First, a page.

The impact of shame and stigma – Nia’s Story

Posted by Nicole Highet on 7th March 2022

For mother of two Nia, who experienced postnatal depression after the birth of her first baby, shame and stigma prevented her from asking for help when she needed it the most.I didn’t know what to expect,” she says. “When the craziness started, I thought ‘this is just baby life’ and I just got on with it. I had no idea that what I experienced wasn’t normal.” 

Nia recalls feel incredibly tired and making excuses to stop going out. Her baby was unsettled and there were long crying spells. “She was lactose intolerant and had silent reflux. She’d cry herself to sleep and wake again after 20 minutes. There wasn’t much sunshine. It was very grim. I was just holding on trying to get through the day. There was no relief.” 

Read more about PND on the COPE website

Even though she was struggling, Nia was too ashamed to speak up. “I was ashamed that I couldn’t cope, and I wanted to be seen as a good mother and just to fit in with everyone else and I clearly didn’t.”  

She recalls “fibbing” when filling out the mental health scales. 

I was ashamed that I couldn’t cope, and I wanted to be seen as a good mother and just to fit in with everyone else and I clearly didn’t.”   

“I was so fragile I thought maybe the band aid would be well and truly ripped off and I’d have to be honest about how I wasn’t coping. Life was really awful, and I’d never felt that bad, sad or hopeless. You’re at your lowest and you feel you have to be at your strongest to put your hand up and ask for help.” 

After the birth of her second baby, Nia realised she was ready for a different experience of motherhood. “I wanted to move on,” she says.  

And, when her GP prescribed medication, she says she felt a “lightening” of her load.  

“I could feel myself becoming brighter. It was a weird physical feeling.” She also felt more able to speak about how she was feeling. Reflecting on early motherhood, Nia says she later found out that others in her mothers’ group were also struggling. 

“It made me think if I’d put my hand up and said is anyone else having a hard time it might have shifted something.” 

Watch Nia’s Story


The facts about shame and stigma

Dr Nicole Highet, Doctor of Psychology (Clinical / Perinatal)

Having a baby is something that many of us aspire to and hold expectations of, often informed by our own experiences, what we hear from others, or even the media – what we see and read.

Often however what it portrayed or spoken about, does not always reflect the true reality of what becoming a parent can be like. As a result, when a person may be struggling with the more difficult aspects of parenting, this can leave them feeling like they are the only one who might be struggling, when in fact this is simply not the case.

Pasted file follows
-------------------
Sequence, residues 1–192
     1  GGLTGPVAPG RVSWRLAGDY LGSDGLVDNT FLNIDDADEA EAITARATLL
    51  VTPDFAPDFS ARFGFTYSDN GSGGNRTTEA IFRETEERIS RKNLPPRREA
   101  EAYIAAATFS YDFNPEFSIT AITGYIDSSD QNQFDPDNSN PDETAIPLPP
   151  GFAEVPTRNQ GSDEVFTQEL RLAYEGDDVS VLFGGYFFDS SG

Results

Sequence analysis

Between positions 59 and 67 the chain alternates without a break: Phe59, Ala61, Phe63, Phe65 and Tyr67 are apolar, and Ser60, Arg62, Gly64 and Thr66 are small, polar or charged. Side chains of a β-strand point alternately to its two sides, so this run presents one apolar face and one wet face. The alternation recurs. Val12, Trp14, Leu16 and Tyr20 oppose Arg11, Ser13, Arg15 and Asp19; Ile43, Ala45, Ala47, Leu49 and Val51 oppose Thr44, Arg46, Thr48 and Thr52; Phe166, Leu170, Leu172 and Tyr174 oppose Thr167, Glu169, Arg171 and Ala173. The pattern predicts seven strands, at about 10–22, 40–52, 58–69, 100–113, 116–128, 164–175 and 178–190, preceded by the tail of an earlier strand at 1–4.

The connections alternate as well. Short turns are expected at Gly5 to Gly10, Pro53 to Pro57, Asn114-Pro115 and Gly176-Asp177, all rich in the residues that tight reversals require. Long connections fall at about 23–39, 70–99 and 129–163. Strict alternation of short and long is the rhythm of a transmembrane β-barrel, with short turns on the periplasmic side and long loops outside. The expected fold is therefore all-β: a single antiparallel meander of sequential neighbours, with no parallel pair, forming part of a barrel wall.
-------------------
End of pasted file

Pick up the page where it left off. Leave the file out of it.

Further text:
COPE research undertaken with women who experienced anxiety and/or depression during the pregnancy or early years of motherhood, revealed that 74 per cent of women did not seek help until they reached the point that they could no longer cope.  One of the main reasons for not seeking help early was because they were ashamed and afraid of others might think of them, not only as a person but also they feared how they would be judged as a mother.

Similarly, many men also do not communicate when they are struggling.  In particular many new fathers feel pressure to ‘be the strong one’ and relied upon for strength and support in their new parenting roles.

As shame and stigma often prevents new parents from speaking up with family and friends, this robs them of the opportunity to access support from others – when they need it.  It also perpetuates the often ‘unreal’ culture of everything being perfect.

Shame can also prevent expectant and new parents from telling the truth when speaking with their health professional. In turn prevents their needs being identified and support and or treatment being provided.

It is therefore very important that as a society, we raise awareness about the many struggles that can come on the journey to parenthood, and let expectant and new parents know that they are not alone in the more difficult times and that help is available.  This is the strategy the underpins the new #thetruth campaign.

It is also important that we educate professionals about how to sensitively raise issues and create a supportive environment, so that those in their care feel safe and able to disclose if they are struggling and access timely and effective care.

View #thetruth campaign


More information about the emotional and mental health challenges that may come along the journey to parenthood and access support and treatment services, visit the COPE website. 

Go to COPE website